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11 March 2015 | By Bazarov
This phrase echoes through recent Russian history, and was adopted in 2003 by a workgroup of artists and writers in St Petersburg with the aim of redefining the foundations of cultural practice in post-Soviet society.
Stimulated by the GRAD lab project, a new platform in London exploring arts and the built environment, Bazarov has revisited some scenes from his brief visit to Vienna in May 2014. In the most conspicuous possible position, at the head of the Schwartzenbergplatz adjoining Vienna’s famous ‘Ring’, two monumental constructions faced up to each other in a bold dialectic of commemoration and confrontation, immortality and impermanence, created as part of the Wiener Festwochen.
The Soviet War Memorial (Heldendenkmal der Roten Armee) was erected in 1945 following the capture of Vienna under Stalin’s orders, as a colossal geopolitical statement that was also a shrine to 17,000 Soviet soldiers lost in the battle for Vienna. A colonnade, a fountain, and the crowning figure of a soldier with a submachine gun and holding a Soviet flag define the aggressive solemnity of the work. Always controversial, given the license shown by liberating Soviet soldiers, the Memorial was visited by Russian President Vladimir Putin in 2007 to show gratitude to the city for having saved the structure from demolition.
The unknown Soviet soldier stands today above the traffic of Westernised, consumerist Vienna, a hubristic symbol of triumph and possession or a calculated affront according to the viewer’s cultural and political persuasion.
For a brief perio hubris met nemesis, in the form of a temporary installation by Chto Delat. Face to Face with the Monument, a participatory and crudely assembled artistic ‘event’, was designed to challenge the memorialization and tacit endorsement of war as a political instrument. In garish mimicry of Soviet red, a helmeted androgynous figure raises a fist in the direction, and in the exact axis, of the Memorial. Her shield carries not a coat of arms but a pack of wolves, The rakish transience of Face to Face, with its handwritten texts and DIY materials, is a parody of the classical forms opposite, of the columns and statuary and cast metal fonts that commemorate the Soviet presence.
In common with the GRAD lab project, changing artistic displays, performances, lectures and workshops were part of the Face to Face artistic programme. Such fleetness of foot perhaps seemed the only way to challenge the changeless solidity of the Memorial, which has, nevertheless, been defaced in common with Soviet-era monuments in many cities of Eastern Europe.
Some have argued that Soviet monuments should be preserved as reminders of the extent of the Russian sacrifice in the defeat of Hitler’s Nazism, which proposed the colonialisation and eventual elimination of the Slavic peoples.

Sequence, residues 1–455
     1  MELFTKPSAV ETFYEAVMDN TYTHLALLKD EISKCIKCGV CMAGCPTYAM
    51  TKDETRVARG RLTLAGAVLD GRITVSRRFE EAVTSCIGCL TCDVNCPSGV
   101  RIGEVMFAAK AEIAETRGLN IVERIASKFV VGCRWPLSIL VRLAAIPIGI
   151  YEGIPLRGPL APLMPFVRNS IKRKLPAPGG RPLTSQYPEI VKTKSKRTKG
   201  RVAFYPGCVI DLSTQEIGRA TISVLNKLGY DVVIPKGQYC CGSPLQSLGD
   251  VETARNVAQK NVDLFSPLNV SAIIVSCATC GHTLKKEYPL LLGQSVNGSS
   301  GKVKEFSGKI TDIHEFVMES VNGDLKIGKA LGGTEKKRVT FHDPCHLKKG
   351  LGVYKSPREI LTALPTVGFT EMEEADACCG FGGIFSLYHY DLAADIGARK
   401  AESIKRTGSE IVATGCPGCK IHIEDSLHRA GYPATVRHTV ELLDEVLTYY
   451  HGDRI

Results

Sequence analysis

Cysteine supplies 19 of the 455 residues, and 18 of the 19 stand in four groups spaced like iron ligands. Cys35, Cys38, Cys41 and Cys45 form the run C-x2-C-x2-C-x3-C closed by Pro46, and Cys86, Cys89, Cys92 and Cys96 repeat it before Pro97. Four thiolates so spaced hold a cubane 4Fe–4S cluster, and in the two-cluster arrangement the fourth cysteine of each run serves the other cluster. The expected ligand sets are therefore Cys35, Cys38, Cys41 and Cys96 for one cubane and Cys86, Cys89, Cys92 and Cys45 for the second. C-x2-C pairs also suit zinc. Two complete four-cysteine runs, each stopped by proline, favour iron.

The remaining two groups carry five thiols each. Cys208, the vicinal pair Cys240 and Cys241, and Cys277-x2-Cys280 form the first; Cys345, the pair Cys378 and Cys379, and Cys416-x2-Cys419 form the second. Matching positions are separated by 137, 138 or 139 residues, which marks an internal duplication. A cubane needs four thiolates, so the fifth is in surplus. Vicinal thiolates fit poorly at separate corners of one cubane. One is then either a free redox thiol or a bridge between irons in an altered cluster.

In many parts of the former Soviet Union, however, monuments have been toppled or defaced. These structures, in their material solidity, challenge the freedoms now enjoyed from the Baltics to Bulgaria, even if they perhaps provide some residual reassurance to Russian speaking citizens of the post-Soviet states. In Tallinn, in 2007, riots between Russian and Estonian speakers were provoked by the removal of a Red Army memorial. And in Kirkeness, on Norway’s border with Russia, Bazarov has observed respectful tributes being paid to another such monument.
Strangely, the vibrant construction of Chto Delat in Vienna, and its mighty Soviet partner, created a momentary unity which was as transient as it was unexpected, at least to this observer. A dance, in the city of the waltz, between the pleasures of impermanence and the solidity of duty, perhaps. The privilege of a summer of self-expression versus a command to retake and retain at any cost. Neither work seemed to me to be diminished by the confrontation, and the fountains played as if for participants on both sides of Europe’s enduring cultural fracture line.
Beneath the encircling colonnade, young people of who knows what nationality, in this most liminal of cities, enjoyed a picnic, apparently oblivious both to the commemorative Cyrillic lettering in gold above their heads and to the graffiti slogans providing a theatrical backdrop to their lunch. For the young there is always a future, and Chto Delat, in their strident and irreverent Viennese installation, seem perhaps to prepare the way.
All images courtesy of Bazarov, February 2015